Above: The crew that flew B-24s ‘Spirit of ‘76’ and later the ‘Bolicat.’ Standing, bombardier Lt. Glenn A. Guyer, co-pilot Lt. J. Conway Kehoe, pilot Lt. George Washington, navigator Lt. Norman Grant and engineer SSgt. Ray Gourlay. Kneeling, ball turret gunner Sgt. Roy Patterson, upper turret gunner Sgt. Felix Shostak, nose turret gunner Sgt. John Doyle and radio operator Sgt. Robert Allen.
The Kehoes of Fauquier County
The phrase, “All gave some, some gave all” has been applied for many years to describe the sacrifices made by America’s heroes. This is particularly true when applied to the men and women who have fought in the defense of our freedoms.
While Fauquier County has never hesitated to send its best to fight, the massive manpower mobilization that took place during World War II has been the most far reaching, affecting more of our warriors and their families any time since the Civil War. Some families sent one son or daughter to war; others sent two, three, four, or more into harm’s way.
One family in particular established a record of service in World War II that could not be surpassed. Mr. and Mrs. John Carlisle Kehoe of Bealeton had seven of their eight sons and daughters doing their part — and more — in the war effort. It has been noted that this generation of Kehoes came by their commitment to serve naturally, being the great-nephews and nieces of Confederate Gen. Turner Ashby, leader of the Mountain Rangers of the Free State, and Capt. James Ashby, CSA, who were born and reared at Rose Bank, near Markham.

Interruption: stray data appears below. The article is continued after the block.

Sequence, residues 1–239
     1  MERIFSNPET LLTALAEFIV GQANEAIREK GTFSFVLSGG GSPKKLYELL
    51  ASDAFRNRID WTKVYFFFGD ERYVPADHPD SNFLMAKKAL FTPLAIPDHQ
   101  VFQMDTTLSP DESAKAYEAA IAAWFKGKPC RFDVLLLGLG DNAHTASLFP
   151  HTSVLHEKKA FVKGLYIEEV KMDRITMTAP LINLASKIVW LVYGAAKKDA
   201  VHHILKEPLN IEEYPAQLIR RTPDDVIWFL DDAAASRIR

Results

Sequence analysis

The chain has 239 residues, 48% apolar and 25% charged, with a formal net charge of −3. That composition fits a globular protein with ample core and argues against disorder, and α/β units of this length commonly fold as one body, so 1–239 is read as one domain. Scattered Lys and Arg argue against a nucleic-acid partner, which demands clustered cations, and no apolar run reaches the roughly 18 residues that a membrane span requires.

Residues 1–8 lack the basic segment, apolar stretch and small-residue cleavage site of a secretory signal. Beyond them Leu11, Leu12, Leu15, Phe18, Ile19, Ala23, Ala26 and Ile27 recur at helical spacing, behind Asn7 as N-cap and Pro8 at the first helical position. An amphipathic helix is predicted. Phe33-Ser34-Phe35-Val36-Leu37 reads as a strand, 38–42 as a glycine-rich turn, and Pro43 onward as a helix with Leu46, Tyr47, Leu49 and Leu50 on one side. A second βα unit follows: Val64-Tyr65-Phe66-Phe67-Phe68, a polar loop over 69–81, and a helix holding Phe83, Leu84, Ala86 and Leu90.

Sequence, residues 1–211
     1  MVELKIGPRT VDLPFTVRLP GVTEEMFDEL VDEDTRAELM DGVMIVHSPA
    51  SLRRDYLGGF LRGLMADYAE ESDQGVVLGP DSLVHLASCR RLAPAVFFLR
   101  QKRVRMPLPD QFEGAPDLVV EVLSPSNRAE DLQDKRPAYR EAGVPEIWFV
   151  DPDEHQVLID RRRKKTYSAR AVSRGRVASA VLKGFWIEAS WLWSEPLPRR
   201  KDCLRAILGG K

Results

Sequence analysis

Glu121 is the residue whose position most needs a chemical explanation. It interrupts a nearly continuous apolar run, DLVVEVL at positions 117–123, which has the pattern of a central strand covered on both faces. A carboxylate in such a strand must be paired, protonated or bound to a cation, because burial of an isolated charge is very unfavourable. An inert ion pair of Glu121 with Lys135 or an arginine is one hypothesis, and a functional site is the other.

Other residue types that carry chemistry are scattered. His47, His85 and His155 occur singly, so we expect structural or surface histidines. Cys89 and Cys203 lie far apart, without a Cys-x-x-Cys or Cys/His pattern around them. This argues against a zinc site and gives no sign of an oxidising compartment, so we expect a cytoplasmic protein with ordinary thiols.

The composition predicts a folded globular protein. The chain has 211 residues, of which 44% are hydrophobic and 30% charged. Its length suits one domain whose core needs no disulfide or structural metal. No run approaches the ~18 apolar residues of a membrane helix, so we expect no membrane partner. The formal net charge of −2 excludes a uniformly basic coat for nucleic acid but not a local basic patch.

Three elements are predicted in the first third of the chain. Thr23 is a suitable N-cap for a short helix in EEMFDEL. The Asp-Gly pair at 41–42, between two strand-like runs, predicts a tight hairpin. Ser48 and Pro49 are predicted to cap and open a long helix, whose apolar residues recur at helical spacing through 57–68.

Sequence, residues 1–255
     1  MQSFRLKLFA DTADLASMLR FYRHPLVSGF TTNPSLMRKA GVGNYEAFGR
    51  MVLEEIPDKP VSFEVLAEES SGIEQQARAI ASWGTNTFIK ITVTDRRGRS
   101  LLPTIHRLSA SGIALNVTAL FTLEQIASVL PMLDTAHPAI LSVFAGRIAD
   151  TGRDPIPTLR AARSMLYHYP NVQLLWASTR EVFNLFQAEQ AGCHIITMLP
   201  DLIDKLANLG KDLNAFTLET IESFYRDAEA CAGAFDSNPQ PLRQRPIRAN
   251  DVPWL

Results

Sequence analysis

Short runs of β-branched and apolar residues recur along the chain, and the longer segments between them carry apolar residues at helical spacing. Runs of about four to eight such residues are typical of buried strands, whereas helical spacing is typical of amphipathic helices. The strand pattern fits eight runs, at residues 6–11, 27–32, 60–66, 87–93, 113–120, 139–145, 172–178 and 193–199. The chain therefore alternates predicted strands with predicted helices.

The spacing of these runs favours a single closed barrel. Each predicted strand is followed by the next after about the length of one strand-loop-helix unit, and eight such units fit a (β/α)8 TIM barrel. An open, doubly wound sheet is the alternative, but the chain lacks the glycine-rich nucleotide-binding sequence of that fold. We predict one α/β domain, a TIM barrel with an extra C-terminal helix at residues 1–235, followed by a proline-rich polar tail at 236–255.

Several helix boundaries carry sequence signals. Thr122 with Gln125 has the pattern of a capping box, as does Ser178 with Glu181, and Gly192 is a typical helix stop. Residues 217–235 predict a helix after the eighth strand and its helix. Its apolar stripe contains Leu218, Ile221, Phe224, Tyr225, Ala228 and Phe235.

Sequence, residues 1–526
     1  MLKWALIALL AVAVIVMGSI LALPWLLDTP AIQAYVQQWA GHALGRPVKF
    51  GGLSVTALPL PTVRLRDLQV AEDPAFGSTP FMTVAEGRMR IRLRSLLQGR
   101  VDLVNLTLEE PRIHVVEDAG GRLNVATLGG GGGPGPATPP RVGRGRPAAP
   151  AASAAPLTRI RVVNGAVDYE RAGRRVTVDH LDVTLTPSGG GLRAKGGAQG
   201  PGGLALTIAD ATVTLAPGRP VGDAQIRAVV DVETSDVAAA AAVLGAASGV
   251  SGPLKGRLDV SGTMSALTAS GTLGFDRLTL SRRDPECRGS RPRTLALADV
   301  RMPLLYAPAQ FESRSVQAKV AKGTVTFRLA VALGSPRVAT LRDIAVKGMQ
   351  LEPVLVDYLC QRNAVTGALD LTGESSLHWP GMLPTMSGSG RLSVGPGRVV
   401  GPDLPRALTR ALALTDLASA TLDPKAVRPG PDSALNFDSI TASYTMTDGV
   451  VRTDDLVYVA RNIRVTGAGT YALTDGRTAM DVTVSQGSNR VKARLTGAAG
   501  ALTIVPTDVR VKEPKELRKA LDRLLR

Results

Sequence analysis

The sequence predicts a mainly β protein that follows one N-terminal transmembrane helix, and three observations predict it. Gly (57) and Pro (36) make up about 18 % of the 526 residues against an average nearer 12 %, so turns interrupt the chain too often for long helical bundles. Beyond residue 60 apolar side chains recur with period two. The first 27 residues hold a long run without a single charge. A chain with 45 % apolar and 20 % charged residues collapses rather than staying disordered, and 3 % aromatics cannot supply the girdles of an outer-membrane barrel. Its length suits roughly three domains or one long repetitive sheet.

Two of the Kehoe boys, 1st Lt. William Joseph Kehoe and 2nd Lt. John Conway Kehoe, flew bombers for the U.S. Army Air Force in the European Theater of Operations. Powhatan Moncure “P.M.” Kehoe was a U.S. Marine Corps fighter pilot who fought in the skies over the Pacific, ultimately retiring at the rank of lieutenant colonel.
Lelia M. Kehoe, a career officer in the Army Nurse Corps, served with distinction in Africa, Italy, and France during the war, and retired as a lieutenant colonel. Younger sister Clara worked as a civilian at a Naval base until entering the Army Nurse Corps after the war, seeing combat herself in the Korean War. Their sister Alice Beverley (later Mrs. George Brown) assisted in the war effort by working as an administrative assistant in the office in charge of construction at the air base in Corpus Christi, Texas.
Youngest son Carter Webster Kehoe was not old enough to serve in the military during World War II, and stayed on the family farm helping his father meet wartime production goals. As soon as he was old enough, he enlisted in the U. S. Marine Corps and as a member of Marine Fighter Squadron VMF-122, served from 1948-1950.